Tuna-Stuffed Shells

December 22, 2021
2 Ratings
Photo by Melina Hammer
  • Prep time 40 minutes
  • Cook time 1 hour 20 minutes
  • Serves 6
Author Notes

It's time for tuna noodle casserole to get a major upgrade! Made famous by Campbell’s soup in the mid 20th century, tuna noodle casserole became beloved in America for its convenience. All you needed was a can of condensed mushroom soup, a can of tuna, some dried pasta, and cornflakes or crackers. A 1946 recipe called it “an excellent emergency dish.” This modernized take calls for more ingredients and more time—but wow, is it worth it. It’s deeply savory, but also bright, thanks to Dijon mustard, capers, white wine, and buttermilk. Delicata squash adds a sweet butteriness, making the pasta do less of the heavy lifting. It’s a perfect deep-winter snow-day project and is sure to warm you up, inside and out. —Melina Hammer

What You'll Need
  • Unsalted butter, for greasing the pan
  • 2 tablespoons extra-virgin olive oil, divided, plus more as needed
  • 2 delicata squash, halved crosswise, seeded, cut into ⅛- to ¼-inch rings
  • Kosher salt
  • 1 large yellow onion, finely chopped
  • 8 ounces cremini mushrooms, rinsed and sliced
  • 2 garlic cloves, grated
  • 2 tablespoons capers, chopped
  • 1/4 cup dry white wine
  • 2 tablespoons Dijon mustard
  • 3 tablespoons all-purpose flour
  • 2 cups chicken or vegetable stock
  • Freshly ground black pepper
  • 1 cup heavy cream
  • 1/2 cup buttermilk
  • 3 ounces Parmesan cheese, finely grated (about 1 cup), divided
  • 2 (5- or 6-ounce) cans oil-packed tuna, drained, coarsely shredded
  • 7 ounces jumbo pasta shells
  • 1/2 cup panko
  • 1/3 cup fresh dill sprigs
  1. Grease a 9x13-inch casserole dish with butter and heat the oven to 400°F. Set a large pot of water over high heat and bring it to a boil.
  2. In a large cast-iron skillet over medium heat, heat 1 tablespoon of the oil. Arrange as much squash as you can in the skillet in a single layer; season with salt. Cook for 4 to 5 minutes, mostly undisturbed, until soft and caramelized in places. Flip and continue to cook for another 3 to 4 minutes, until browned. Transfer the squash to a large plate and repeat with the remaining squash. Let cool slightly. Arrange the thicker slices (just over half of the squash) as a base layer in the casserole dish.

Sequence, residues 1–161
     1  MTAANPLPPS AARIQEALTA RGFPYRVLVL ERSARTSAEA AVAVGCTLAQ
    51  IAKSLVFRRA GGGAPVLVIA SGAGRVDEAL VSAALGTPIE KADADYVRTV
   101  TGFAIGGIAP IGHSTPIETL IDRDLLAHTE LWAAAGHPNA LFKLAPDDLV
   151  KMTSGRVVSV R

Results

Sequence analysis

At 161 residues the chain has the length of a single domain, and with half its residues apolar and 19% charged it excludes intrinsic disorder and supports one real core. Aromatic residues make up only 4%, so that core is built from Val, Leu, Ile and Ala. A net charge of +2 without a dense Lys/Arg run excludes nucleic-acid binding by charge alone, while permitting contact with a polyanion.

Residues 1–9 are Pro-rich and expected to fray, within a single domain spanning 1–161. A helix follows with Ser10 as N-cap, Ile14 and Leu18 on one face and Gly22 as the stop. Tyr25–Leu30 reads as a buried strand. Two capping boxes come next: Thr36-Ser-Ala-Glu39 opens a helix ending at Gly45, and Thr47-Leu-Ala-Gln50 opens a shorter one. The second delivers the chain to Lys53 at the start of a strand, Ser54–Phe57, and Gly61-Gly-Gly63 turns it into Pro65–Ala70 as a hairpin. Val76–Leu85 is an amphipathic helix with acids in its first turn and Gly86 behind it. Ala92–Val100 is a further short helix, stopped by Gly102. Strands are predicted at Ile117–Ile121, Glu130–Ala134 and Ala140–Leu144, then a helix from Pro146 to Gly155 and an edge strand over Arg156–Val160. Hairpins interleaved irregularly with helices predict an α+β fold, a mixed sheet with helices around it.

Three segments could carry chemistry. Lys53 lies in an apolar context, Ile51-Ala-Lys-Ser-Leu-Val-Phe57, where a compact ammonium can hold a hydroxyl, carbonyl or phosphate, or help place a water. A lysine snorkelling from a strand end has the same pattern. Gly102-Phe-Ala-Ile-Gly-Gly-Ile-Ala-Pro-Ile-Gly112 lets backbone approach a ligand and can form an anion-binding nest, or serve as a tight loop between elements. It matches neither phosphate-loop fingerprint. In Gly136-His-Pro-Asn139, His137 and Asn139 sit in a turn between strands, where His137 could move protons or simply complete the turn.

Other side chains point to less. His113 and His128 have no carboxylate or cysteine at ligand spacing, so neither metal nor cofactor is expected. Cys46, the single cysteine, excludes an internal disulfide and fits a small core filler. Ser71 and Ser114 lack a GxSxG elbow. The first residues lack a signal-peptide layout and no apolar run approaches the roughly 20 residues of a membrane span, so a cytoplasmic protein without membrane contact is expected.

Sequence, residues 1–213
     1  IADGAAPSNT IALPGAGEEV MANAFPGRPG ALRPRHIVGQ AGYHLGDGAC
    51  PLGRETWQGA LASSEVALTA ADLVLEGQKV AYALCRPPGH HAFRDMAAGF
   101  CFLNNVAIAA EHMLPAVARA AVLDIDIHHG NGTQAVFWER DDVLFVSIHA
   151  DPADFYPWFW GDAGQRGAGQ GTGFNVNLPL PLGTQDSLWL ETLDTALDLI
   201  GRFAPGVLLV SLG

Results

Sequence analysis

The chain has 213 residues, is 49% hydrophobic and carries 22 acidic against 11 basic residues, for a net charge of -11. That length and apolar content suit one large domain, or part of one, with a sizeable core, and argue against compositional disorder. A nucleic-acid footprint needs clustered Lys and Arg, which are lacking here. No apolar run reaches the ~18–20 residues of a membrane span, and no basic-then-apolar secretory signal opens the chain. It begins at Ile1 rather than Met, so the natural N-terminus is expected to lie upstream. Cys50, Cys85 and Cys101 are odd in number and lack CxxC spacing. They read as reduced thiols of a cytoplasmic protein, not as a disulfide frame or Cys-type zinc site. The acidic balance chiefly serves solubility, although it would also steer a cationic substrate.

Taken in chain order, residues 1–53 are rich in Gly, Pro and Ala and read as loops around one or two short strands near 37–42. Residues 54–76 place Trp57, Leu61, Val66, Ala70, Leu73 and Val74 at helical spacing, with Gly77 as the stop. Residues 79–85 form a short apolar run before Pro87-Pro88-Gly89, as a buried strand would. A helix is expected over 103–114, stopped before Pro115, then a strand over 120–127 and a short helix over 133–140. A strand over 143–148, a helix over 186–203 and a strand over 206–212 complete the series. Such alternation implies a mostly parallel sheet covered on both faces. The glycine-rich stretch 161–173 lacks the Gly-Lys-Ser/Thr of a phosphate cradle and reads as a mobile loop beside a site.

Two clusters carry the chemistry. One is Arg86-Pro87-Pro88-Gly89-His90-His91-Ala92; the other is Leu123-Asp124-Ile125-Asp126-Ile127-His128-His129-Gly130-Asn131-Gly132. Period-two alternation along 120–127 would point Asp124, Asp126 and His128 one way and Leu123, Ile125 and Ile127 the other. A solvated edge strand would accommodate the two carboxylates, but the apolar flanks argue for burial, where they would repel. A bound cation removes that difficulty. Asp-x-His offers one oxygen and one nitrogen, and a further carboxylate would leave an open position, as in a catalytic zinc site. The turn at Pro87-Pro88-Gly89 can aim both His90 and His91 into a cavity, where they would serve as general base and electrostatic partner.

3. In the same skillet, swirl another tablespoon of the oil. Cook the onion, stirring occasionally, for 7 to 9 minutes, until translucent.
  4. Add the mushrooms and season with salt, plus a small drizzle of oil if the pan looks dry. Cook, stirring frequently, for 5 to 7 minutes, until the mushrooms give up their liquid and become tender.
  5. Add the garlic and capers and cook, stirring frequently, for about 3 minutes, until the garlic is fragrant.
  6. Add the wine and cook, stirring frequently, for 3 to 5 minutes, until most of the wine has been cooked off.
  7. Stir in the mustard, then the flour. Cook, constantly stirring, for about 1 minute (it will be clumpy—that’s okay), until no streaks of flour remain. Stir in the stock; season with pepper. While stirring constantly, bring to a boil, then keep stirring and cook for about 5 to 7 minutes, until the liquid has thickened slightly.
  8. Stir in the cream, then return to a boil. Stir in the buttermilk, then remove the pan from the heat. Stir in two-thirds of the Parmesan. Pour half of the sauce into a heatproof bowl and fold in the tuna. Taste and adjust the seasonings as needed.
  9. Generously salt the boiling water. Parcook the shells for about 8 minutes, until very al dente (so you can bite a piece but the inside is still hard). Strain and arrange the shells flat side down on a dish towel.
  10. Spoon heaping tablespoons of the tuna sauce into the shells. Arrange them on top of the squash layer, then tear the remaining squash rings in half and nestle them between the shells. Pour the remaining sauce on top.
  11. In a small bowl, combine the remaining Parmesan, panko, and ¼ teaspoon pepper. Sprinkle the Parmesan mixture on top of the shells. Bake for 25 to 35 minutes, until bubbling and golden. For a deeply golden crust, you may set the oven to broil in the last 3 minutes.
  12. Scoop the shells and squash into shallow bowls and garnish with the dill.

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Melina is the author of 'A Year at Catbird Cottage' with Ten Speed Press. She grows an heirloom and pollinator garden and forages wild foods at her namesake Hudson Valley getaway, Catbird Cottage. Melina loves serving curated menus for guests from near and far seeking community amidst the hummingbirds, grosbeaks, finches, and the robust flavors of the seasons.

1 Review

Jessica January 15, 2022
This was really good! I made it exactly as written except I couldn't find squash so I omitted those steps and ladled a bit of the reserved sauce into the bottom of the pan before adding the stuffed shells. I also put a handful of frozen peas into the filling. The mustard and capers really added something special. This made a very cozy, comforting, winter dinner. Thanks for sharing the recipe!